Macron on Top After First Presidential Debate of French Race

Updated on
  • Snap polls shows Macron most convincing, Hamon trailing
  • Le Pen, Macron clash on Europe, euro, Russia, and immigration

Macron, Le Pen Lock Horns During First Debate

In the first debate between the main contenders to become France’s next president the centrist front-runner emerged with his lead intact.

Emmanuel Macron, a 39-year-old running for office for the first time, parried attacks from both ends of the political spectrum as he navigated questions on the economy, terrorism and immigration.

Voters are still getting to know Macron who’s been in the public eye for less than three years, so the stakes were high in front of a television audience of almost 10 million. Two snap polls judged the rookie candidate, who has the backing of no established party, the most convincing and markets rose as he stopped the National Front’s Marine Le Pen from landing a knock-out punch.

“Macron managed quite well,” said Bruno Cautres, a political scientist at SciencesPo in Paris. “The challenge for him was to show that he wasn’t just the new and inexperienced one, to show he has the depth and the skills.”

The euro strengthened against most of its major peers after the debate.

Le Pen, the anti-euro, anti-immigration candidate, attacked with a series of blunt propositions to ban all immigration and impose a 35 percent tariff on certain imported goods. But Macron fired back, criticizing her for what he said was a lack of ethics, her lack of experience outside politics, and her divisive attitudes toward immigrants.

BNP Paribas’ Morris sees Macron victory in French debate

Daybreak: Europe." (Source: Bloomberg)

Polls show that both he and Le Pen have about a quarter of the electorate behind them in the first round vote on April 23, with Republican candidate Francois Fillon trailing in third place with about 19 percent support. Macron is projected to win the May runoff by about 20 percentage points.

Facing the biggest television audience of his career, Macron was seen as the most convincing candidate by 29 percent of viewers, according to an Elabe poll of 1,157 people who watched. Far-left candidate Jean-Luc Melenchon placed second with a score of 20 percent while Fillon and Le Pen were at 19 percent. Socialist candidate Benoit Hamon trailed with 11 percent support.

For a dashboard tracking European political risk, click here

OpinionWay had Macron at 24 percent with Fillon and Le Pen tied at 19 percent and Melenchon at 15 percent, in a separate survey of 1,037 viewers. Hamon was last on 10 percent.

The independent candidate received a further boost Tuesday when junior minister Barbara Pompili became the first member of President Francois Hollande’s government to endorse him.

Le Pen ‘at Ease’

Le Pen, carrying the populist mantle of the National Front party founded by her father and making her second bid for the presidency, hammered away at her opponents, suggesting that their records as ministers meant they are responsible for the current state of France. Using direct language, lists and emphatic body language, she implicitly dismissed their policy exchanges as quibbling.

After others exchanged their thoughts on immigration policy, for instance, she was unequivocal: “I want to stop immigration both legal and illegal and I’m proud of my plan,” she said. Or take her closing statement, in which she attacked the European Union: “Savage globalization has been a nightmare for you,” she told voters.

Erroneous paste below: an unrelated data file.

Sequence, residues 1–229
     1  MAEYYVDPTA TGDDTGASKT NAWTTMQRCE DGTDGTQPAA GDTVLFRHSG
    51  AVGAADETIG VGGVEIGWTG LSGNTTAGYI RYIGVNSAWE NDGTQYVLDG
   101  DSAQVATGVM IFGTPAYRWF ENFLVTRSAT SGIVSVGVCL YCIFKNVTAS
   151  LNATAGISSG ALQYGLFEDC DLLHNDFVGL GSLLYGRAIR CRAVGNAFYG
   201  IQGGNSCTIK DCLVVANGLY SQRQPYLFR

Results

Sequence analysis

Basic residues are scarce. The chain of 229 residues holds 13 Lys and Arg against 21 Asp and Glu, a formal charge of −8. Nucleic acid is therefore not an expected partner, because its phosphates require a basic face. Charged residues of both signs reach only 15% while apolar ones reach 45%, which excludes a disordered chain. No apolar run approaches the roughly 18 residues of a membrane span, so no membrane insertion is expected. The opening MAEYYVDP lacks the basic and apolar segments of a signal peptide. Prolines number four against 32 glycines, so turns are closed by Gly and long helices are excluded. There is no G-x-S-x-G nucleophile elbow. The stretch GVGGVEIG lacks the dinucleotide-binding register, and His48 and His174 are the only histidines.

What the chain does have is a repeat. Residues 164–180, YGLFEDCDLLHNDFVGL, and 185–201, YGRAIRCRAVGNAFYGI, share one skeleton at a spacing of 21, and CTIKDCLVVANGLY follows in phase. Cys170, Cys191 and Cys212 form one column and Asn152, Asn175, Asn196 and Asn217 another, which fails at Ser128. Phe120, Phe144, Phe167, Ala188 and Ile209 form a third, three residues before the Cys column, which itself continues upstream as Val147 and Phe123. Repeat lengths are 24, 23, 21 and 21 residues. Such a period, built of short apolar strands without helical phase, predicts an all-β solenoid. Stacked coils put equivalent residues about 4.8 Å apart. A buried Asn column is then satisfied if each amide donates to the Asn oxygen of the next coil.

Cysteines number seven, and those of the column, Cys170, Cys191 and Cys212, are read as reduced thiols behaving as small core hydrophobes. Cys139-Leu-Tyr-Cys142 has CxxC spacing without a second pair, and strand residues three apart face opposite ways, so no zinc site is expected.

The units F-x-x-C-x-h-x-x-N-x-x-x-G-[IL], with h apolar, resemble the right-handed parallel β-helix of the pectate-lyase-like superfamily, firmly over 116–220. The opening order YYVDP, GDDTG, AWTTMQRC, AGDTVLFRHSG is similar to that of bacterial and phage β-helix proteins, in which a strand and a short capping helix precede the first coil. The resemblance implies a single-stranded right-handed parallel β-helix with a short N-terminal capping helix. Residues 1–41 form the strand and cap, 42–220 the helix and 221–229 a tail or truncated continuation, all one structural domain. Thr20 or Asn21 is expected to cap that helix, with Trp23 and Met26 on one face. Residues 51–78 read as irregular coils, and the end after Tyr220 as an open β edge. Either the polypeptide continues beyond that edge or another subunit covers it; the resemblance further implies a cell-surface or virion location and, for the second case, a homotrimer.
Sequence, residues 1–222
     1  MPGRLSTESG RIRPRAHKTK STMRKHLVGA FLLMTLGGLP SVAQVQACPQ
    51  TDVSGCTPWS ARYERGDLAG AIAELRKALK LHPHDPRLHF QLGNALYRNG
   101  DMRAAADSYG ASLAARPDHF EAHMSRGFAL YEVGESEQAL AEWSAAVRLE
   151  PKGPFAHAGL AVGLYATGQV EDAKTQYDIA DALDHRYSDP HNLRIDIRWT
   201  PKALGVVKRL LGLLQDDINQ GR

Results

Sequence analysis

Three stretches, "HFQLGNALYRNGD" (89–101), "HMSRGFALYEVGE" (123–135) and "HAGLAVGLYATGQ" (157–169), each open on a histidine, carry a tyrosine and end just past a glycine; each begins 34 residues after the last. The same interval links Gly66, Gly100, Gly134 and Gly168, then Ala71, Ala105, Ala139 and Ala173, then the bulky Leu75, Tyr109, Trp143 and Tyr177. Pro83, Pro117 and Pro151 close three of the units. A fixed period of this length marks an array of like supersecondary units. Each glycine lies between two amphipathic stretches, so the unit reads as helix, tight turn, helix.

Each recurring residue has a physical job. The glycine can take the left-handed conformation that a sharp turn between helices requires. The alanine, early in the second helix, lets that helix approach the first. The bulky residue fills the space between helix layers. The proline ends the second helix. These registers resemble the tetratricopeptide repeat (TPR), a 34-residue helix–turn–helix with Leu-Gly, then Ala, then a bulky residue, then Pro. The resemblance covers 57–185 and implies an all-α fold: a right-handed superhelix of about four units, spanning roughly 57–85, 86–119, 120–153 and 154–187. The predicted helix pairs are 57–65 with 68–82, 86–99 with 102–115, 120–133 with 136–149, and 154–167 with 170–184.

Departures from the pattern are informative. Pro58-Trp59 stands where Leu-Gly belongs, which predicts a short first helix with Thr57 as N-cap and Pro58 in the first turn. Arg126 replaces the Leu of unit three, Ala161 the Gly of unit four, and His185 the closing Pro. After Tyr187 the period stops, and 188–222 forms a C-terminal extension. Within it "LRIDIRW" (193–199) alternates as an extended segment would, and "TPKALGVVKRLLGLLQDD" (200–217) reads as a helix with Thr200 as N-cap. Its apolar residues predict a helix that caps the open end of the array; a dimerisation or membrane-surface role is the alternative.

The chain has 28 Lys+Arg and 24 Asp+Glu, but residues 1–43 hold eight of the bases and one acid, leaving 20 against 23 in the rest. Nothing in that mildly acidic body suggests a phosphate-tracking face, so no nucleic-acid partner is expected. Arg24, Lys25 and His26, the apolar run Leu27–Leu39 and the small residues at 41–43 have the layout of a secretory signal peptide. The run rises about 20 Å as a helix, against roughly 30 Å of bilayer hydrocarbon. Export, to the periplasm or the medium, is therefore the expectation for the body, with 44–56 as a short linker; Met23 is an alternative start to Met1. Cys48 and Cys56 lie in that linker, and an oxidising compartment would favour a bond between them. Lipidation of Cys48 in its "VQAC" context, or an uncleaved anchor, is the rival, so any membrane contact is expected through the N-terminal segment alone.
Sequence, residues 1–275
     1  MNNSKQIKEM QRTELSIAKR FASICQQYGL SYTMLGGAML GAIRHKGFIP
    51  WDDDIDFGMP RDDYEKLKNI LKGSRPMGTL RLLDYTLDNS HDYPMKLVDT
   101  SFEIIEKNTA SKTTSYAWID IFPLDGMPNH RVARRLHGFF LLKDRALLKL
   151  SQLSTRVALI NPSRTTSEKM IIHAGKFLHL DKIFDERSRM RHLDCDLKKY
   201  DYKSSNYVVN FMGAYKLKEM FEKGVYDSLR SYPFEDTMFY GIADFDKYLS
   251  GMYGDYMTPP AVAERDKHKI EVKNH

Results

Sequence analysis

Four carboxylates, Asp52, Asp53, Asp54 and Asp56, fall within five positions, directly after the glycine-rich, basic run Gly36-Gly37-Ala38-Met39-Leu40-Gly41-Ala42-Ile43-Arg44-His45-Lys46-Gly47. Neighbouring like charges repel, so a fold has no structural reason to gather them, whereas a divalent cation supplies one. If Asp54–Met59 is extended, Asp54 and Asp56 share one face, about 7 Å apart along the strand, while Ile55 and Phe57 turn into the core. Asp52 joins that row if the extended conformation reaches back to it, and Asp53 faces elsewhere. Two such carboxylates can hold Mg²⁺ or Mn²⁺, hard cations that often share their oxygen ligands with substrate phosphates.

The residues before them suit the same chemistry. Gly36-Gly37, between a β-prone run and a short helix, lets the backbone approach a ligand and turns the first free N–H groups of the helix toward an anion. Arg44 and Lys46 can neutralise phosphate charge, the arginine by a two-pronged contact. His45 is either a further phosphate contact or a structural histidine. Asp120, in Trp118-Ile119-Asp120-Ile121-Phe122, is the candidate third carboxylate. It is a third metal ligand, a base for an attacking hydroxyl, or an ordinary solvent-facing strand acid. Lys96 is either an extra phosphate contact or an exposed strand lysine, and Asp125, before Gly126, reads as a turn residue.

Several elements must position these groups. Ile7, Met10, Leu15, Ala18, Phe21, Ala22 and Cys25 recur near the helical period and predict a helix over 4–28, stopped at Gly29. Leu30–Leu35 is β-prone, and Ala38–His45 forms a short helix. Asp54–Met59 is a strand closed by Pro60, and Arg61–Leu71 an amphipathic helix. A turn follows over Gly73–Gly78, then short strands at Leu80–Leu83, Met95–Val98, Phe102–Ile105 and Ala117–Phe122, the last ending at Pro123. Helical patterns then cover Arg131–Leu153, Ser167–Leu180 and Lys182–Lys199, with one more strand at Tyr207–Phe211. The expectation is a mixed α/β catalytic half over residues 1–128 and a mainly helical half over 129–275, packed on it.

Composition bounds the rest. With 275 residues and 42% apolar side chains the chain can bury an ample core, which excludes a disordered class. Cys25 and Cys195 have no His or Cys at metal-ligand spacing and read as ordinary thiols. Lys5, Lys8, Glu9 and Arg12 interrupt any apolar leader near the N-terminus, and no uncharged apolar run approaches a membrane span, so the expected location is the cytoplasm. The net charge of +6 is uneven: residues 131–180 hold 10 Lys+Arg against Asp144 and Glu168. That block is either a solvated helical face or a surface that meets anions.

“Marine Le Pen was very at ease and dominant,” Cautres said. “She managed to show authority and calm” and “no other candidates managed to push her into making a mistake,” he said.

Macron interjected regularly when Le Pen was speaking. “Unlike you, I want responsible politics,” told her. “I want a strong France within Europe. That’s our great disagreement.”

Economic Chaos

Fillon jumped on Le Pen in the middle of a discussion about household purchasing power. “The real serial killer of French purchasing power is you with your plan to pull out of the euro,” he said. Your policies would “bring the country into veritable economic chaos.”

Le Pen retorted that he was resorting to “Project Fear,” just like the opponents of Brexit in the U.K.

Backers of all the candidates hit the airwaves Tuesday morning to claim victory.

“She was the only one who spoke concretely about what we must do about pensions, how we combat Islamic fundamentalism, how we stop factories from leaving,” National Front Vice President Florian Philippot said on BFMTV.

“I was struck by the weakness of Marine Le Pen: She wasn’t prepared, had no knowledge of the subjects,” retorted Socialist Party head Jean-Christophe Cambadelis on RTL Radio. “Benoit Hamon was solid, and was the only one who spoke about the France of the future.”

In a debate that ranged from Fillon’s call to bring back uniforms in school to the intricacy of France’s 35-hour work week and to the right of Muslim women to wear Burkinis on beaches, the Socialist candidate Hamon repeatedly sniped about the forces of “money” and vaunted his plan for a guaranteed minimum income. The communist-backed Melenchon won the one real laugh of the evening, mocking Macron and Hamon.

While the debate touched on the role of money in politics none of the other four ever directly mentioned that Fillon’s under investigation over whether family members ever did any actual work when he employed them as parliamentary aides. Fillon had been the front-runner until the allegations broke.

Another debate is tentatively scheduled for April 4.